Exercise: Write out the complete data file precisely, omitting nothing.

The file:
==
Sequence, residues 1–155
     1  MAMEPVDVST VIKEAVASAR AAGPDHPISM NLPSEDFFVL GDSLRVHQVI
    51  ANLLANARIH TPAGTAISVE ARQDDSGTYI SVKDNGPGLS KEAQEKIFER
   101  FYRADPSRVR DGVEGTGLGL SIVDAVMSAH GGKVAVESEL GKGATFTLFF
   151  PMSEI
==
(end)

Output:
Sequence, residues 1–155
     1  MAMEPVDVST VIKEAVASAR AAGPDHPISM NLPSEDFFVL GDSLRVHQVI
    51  ANLLANARIH TPAGTAISVE ARQDDSGTYI SVKDNGPGLS KEAQEKIFER
   101  FYRADPSRVR DGVEGTGLGL SIVDAVMSAH GGKVAVESEL GKGATFTLFF
   151  PMSEI